# Efficient management of interacting atoms based on their mutual distance

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Dear all

Currently, I am dealing with a dataset, which I attach here in the "File.txt", file, where the first column is an atomic label ranging from 0 to 95900 (that it is, to the number of atoms-1). Each row represents the spatial coordinates of each i-th atom of the system, denoting the second, third, and fourth columns the coordinate values, in Angstroms, along x-, y-, and z-th directions. It is important to note that the fourth column, that it is, the z-th spatial coordinate, only can have two different values, 3.27645 and 9.82515. So basically, I have two monolayers at two different heights.

My goal is, for each atom, to loop over the first ten nearest interlayer atoms. That it is, for the i-th atom, to loop over the atoms with the lowest deviations in the xy plane from (xi,yi) and with different value of the z-th component. Importantly, if, for example, during the looping one founds that atom with id 4 and 560 have in common the atom with 1100 as one of the ten nearest neighbors to them, it would be very desirable that when looping in for 1100, the program knows, from the previous calculations, that atoms with label 4 and 560 are indeed two of the ten nearest neighbors to 1100.

I had in mind something like:

file=readmatrix('File.txt');

counter=0;

for i=1:length(file(:,1))

indices=file(file(:,4)~=file(i,4));

atoms=file(indices,1:3);

for j=1:length(indices)

distances(j)=norm(atoms(j,2:3)-file(i,2:3)); % Angstroms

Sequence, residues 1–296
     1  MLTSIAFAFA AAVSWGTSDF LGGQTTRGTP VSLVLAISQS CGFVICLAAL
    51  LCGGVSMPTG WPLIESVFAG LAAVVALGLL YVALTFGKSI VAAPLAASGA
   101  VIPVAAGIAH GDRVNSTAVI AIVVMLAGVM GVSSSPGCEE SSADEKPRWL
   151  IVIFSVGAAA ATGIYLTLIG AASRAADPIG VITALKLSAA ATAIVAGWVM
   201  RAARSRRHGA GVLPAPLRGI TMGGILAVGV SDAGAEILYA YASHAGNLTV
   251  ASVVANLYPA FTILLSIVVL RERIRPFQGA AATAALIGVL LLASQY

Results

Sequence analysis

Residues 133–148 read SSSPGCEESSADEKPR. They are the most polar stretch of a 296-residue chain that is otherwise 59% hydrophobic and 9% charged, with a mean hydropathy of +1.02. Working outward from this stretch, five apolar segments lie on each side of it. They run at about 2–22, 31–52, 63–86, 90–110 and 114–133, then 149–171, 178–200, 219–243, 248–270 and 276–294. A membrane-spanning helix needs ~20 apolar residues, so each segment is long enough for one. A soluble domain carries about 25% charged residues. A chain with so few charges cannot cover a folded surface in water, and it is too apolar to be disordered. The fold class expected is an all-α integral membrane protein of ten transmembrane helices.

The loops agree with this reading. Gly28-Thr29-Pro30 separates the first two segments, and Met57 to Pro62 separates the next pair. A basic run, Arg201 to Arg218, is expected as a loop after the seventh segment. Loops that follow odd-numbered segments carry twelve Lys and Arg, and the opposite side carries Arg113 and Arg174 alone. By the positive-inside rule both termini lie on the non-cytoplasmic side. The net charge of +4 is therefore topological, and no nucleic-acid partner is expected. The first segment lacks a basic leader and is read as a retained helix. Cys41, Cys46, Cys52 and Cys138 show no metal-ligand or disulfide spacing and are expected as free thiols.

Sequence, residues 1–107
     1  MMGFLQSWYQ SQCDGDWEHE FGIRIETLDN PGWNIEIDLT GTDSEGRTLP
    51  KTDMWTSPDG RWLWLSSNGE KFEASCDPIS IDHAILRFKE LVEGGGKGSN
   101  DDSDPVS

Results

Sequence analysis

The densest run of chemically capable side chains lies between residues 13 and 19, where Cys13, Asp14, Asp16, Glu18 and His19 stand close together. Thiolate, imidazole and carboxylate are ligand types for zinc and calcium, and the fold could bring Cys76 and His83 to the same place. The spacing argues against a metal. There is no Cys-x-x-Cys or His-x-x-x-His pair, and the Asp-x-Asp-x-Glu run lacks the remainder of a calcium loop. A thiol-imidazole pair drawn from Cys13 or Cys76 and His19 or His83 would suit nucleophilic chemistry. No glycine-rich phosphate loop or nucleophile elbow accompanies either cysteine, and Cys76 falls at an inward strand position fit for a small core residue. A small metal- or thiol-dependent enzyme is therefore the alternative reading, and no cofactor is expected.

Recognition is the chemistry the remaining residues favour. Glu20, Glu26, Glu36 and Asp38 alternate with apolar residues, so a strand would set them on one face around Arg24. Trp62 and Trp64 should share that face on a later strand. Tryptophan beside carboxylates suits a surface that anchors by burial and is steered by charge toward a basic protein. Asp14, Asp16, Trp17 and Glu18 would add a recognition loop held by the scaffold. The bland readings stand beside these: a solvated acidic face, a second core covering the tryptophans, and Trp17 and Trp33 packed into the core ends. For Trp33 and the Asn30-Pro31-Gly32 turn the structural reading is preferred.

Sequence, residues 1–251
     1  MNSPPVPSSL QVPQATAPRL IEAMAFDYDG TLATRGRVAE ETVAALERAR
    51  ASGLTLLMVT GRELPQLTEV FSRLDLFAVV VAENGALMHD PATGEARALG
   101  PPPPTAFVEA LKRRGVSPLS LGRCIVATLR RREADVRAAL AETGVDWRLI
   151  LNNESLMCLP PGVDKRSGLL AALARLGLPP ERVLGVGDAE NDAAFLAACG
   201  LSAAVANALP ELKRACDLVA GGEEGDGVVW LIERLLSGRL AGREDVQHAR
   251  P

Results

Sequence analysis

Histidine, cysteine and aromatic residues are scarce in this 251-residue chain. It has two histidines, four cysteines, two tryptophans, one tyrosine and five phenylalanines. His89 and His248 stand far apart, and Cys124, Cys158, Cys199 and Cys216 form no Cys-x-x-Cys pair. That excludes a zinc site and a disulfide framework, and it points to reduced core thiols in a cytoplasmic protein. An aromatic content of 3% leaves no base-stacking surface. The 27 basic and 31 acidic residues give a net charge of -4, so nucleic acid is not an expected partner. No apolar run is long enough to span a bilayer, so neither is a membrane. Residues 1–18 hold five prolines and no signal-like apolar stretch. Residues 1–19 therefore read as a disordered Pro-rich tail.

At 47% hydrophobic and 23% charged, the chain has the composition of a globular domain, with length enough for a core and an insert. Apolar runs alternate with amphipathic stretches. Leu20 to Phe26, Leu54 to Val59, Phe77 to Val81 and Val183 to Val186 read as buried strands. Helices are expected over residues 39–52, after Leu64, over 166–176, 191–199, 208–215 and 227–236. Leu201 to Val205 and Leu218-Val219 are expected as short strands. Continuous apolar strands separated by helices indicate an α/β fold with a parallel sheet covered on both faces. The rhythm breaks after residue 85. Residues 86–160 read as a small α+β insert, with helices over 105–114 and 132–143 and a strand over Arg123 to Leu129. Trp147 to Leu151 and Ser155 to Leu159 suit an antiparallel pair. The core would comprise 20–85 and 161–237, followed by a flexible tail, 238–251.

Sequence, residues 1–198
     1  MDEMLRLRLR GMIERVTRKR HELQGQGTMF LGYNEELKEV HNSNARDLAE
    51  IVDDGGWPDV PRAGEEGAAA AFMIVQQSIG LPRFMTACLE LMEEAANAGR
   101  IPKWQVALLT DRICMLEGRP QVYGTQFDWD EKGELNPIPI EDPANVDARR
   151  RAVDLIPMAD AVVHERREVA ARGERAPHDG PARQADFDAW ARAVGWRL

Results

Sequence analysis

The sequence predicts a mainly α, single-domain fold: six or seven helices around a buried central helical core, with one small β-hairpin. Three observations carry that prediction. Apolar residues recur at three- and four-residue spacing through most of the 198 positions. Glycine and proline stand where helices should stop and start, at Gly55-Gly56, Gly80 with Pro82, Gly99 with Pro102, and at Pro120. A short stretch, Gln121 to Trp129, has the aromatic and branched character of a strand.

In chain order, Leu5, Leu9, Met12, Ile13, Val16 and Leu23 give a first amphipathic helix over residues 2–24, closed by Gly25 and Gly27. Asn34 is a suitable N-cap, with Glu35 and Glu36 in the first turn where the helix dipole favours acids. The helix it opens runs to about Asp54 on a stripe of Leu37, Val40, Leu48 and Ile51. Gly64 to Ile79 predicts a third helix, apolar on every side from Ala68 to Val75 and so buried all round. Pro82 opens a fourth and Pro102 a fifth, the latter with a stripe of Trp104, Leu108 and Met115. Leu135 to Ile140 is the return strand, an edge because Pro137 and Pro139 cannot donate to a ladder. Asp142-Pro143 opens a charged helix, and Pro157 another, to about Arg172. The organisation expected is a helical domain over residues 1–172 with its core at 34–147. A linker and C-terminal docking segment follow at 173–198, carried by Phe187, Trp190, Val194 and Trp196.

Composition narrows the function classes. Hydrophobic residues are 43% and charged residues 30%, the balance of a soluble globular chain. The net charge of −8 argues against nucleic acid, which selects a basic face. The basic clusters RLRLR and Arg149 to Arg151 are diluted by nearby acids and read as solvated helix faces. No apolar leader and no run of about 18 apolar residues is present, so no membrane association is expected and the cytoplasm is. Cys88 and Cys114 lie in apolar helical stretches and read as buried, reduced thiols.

end

sorted_distances=unique(distances); % Angstroms

interacting_distances=sorted_distances(1:10); % Angstroms

interacting_atoms=find(distances<=max(interacting_distances));

for j=1:length(interacting_atoms(:,1))

counter=counter+1;

interaction_list(counter,1)=file(i,1); % i-th atom id

interaction_list(counter,2)=interacting_atoms(j,1); % j-th atom id

interaction_list(counter,3)=somevalue;

end

clear indices distances sorted_distances interacting_distances interacting_atoms

end

Obviously, this approach does not seem to be very fast/efficient. Also, this won't meet one of the requirements I explained above: that if one finds that i-th atom interacts with j-th atom, one knows that j-th atom interacts with i-th atom (double counting). In that case, I would need to save in the interaction_list(counter,3)=-somevalue. If, for example, during the looping atom with atom id 30500 it was already identified as one of the ten nearest interlayer neighbors of ten different atoms, it would be desirable that, when i=30500+1, MatLab does proceed to look for the ten nearest interlayer neighbors, since they have been already identified before!

Any idea?

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### Answers (1)

John D'Errico
on 31 Jul 2024

Edited: John D'Errico
on 31 Jul 2024

No. It is NOT true that in a set, if atom x is one of the k closest atoms to atom y, that the converse is also true, i.e., that atom y is one of the k closest atoms to atom x. You seem to want to make that assumption, and it is patently false. We need only consider a trivial counter-exmple. This works in 1 dimension as a counter-example, but it would also apply to higher dimensions.

x = [0,10:15];

In the vector x, what are the three nearest neighbors to 0? Clearly that are the elements [10,11,12]. But 0 is NOT one of the three nearest neighbors to any of the numbers 10, 11, or 12.

Nearest neighbor-ness does not commute.

Anyway, the simple solution would seem to be to use tools like knnsearch, or, better yet, KDtreeSearcher. Then you will be able to create a kd-tree, and then search it repeatedly.

help KDTreeSearcher

##### 2 Comments

John D'Errico
on 1 Aug 2024

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